In an official letter sent to Medvedev by the Russian Association of Manufacturers of Perfumery, Cosmetics, Household Chemicals and Hygiene Products (a public association, which unites leading local and foreign diaper manufacturers operating in Russia), producers said that their Russian production is associated with high costs, such as high customs duties for the supply of raw materials, which are needed for their Russian businesses. Other problems mentioned in the letter were the traditional Russian bureaucracy and a high level of corruption.
In the case of duties, according to producers, despite earlier state promises to lift duties on the imports of polyacrylic superabsorbent to Russia, they still exist.
Petr Bobrovsky, head of the association, says the duty on superabsorbent is set at the level of 6.5%. At the same time, due to the devaluation of the Russian currency, the ruble, caused by Western sanctions and associated with the financial crisis in Russia, its value in recent years has significantly increased.
A principal decision of the Russian government to lift the duty on absorbent and some other types of raw materials, which are used by majors in their Russian production, was taken as far back as in May 2016, however, so far, it has not yet come into force. According to estimates of producers, lifting of the existing duties could result in the reduction of their Russian costs by 5-7% or even more. In addition, it could increase the competitiveness of their local production.
An official representative of the Russian Ministry of Justice confirmed that the draft order, regarding the lifting of duties for raw materials, which are used in the domestic industry of personal care and hygiene products, was submitted for state registration several weeks ago. However, according to the results of the legal and anti-corruption expertise, the ministry of Justice returned it for the revision to the Russian Ministry of industry and trade.
The date of the new revision of the order is unknown, which sparks serious concerns for producers.
This is confirmed by Bobrovsky, who says global diaper producers have made serious investments in expanding their Russian production since May 2016. However, remaining duties have prevented these capacities from being commissioned and they are currently unused. This may pose a threat of the complete freeze of new investment projects by producers in Russia.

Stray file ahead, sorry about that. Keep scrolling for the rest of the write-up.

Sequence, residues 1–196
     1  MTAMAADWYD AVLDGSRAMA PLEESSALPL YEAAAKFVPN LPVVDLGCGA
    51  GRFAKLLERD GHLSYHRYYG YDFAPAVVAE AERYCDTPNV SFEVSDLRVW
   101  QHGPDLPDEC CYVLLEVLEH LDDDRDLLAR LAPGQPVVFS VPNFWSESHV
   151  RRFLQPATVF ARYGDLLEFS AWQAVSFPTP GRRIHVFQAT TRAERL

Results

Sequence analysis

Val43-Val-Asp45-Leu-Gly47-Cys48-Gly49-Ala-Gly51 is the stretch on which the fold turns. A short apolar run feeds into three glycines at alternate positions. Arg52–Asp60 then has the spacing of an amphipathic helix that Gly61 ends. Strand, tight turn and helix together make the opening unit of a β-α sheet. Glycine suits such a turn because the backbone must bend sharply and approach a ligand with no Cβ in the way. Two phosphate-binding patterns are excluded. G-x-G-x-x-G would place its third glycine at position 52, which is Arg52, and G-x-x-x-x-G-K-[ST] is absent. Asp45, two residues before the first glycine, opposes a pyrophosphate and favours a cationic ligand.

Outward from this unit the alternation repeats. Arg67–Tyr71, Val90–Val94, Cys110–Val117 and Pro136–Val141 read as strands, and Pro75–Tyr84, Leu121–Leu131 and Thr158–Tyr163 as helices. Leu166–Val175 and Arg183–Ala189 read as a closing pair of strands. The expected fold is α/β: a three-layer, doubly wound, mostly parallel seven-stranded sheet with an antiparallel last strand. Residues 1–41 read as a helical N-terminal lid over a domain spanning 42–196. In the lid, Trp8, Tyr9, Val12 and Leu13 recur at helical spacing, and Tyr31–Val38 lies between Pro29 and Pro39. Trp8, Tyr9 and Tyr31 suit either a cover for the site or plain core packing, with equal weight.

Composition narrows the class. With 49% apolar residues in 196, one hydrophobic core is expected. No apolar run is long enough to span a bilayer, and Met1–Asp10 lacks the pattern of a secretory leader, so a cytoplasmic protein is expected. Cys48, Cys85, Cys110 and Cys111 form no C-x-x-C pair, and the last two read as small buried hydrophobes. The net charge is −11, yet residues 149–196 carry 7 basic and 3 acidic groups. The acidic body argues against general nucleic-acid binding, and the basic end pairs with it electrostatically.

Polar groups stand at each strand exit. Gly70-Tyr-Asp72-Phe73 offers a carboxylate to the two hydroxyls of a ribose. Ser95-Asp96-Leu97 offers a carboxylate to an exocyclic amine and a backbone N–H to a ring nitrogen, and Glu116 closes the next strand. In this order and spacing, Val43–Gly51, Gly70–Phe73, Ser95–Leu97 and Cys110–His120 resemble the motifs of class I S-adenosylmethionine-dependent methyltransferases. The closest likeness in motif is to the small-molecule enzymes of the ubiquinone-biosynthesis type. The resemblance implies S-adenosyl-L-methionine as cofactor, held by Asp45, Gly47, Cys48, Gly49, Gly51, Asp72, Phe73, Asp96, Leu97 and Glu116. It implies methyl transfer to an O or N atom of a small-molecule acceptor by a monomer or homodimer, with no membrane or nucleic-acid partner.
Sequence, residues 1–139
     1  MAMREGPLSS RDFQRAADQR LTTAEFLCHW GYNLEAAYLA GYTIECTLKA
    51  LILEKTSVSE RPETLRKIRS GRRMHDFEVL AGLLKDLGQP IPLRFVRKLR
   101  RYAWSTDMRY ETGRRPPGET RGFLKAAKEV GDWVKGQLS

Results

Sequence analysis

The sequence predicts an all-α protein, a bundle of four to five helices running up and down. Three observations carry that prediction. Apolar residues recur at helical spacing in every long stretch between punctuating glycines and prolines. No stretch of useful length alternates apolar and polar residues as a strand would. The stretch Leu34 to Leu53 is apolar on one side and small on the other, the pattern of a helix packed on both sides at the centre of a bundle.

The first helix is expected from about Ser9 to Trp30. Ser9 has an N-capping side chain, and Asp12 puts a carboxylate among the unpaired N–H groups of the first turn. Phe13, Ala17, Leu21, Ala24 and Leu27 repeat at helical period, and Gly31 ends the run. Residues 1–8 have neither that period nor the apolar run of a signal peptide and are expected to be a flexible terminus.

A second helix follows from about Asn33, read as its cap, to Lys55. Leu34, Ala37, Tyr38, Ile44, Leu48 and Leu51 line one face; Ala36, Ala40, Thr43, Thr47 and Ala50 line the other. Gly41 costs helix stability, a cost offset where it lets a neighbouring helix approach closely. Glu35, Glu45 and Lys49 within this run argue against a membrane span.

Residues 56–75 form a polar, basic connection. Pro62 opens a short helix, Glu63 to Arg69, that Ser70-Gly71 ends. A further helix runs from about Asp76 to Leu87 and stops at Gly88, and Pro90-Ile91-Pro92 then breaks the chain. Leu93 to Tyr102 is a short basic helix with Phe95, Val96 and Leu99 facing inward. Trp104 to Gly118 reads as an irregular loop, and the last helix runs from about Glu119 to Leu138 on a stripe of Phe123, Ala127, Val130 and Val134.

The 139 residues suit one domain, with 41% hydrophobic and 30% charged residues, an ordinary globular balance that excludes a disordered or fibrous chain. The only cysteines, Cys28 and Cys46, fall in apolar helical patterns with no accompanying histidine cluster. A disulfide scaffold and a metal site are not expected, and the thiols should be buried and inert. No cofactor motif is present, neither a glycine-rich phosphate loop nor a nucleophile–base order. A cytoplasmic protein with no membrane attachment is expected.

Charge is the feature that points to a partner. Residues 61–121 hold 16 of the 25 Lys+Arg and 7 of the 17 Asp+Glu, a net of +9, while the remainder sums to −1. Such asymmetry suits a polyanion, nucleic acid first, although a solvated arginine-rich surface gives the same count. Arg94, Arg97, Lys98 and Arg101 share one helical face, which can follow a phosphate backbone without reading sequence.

In addition to duties, the companies are still unhappy with the the high level of corruption that exists in Russia. This complicates implementation of many of their local investment projects.
Antonina Tsitsulina, president of the Russian Association of Children’s Goods Producers, says that lifting duties on imported raw materials will result in the reduction of the cost of Russian production at all of the global majors. This would allow them to cut prices of the final product and significantly increase sales in Russia, which has just started to recover from the consequences of the financial crisis.
The financial recession in Russia has resulted in increased diaper prices and subsequently a decline in consumer sales, however, amidst the ongoing recovery of the market, producers hope to restore their positions in the local market to up to pre-crisis figures by the end of this year.
According to data from the Russian Ministry of Industry and Trade, retail prices for the products of global diapers’ producers operating in Russia are practically comparable to each other. For example, the cost of Huggies is varied from RUB 320-350 ($5.40-5.90) for the average package of 16-18 pieces, while Pampers pricing ranges from RUB 350-400 and Libero from RUB 480-500.
Last year the Russian diaper market amounted to RUB 6.7 billion ($120 million) in dollar sales, which, according to Denis Manturov, Russia’s minister of industry and trade (and the person who oversees the development of the diaper industry in the Russian government), is a very small figure for the country. The market has potential to grow by 10 times in the mid term.
Representatives of P&G and Kimberly-Clark Russia declined to comment. A spokesman from SCA Group Russia did not respond to the request.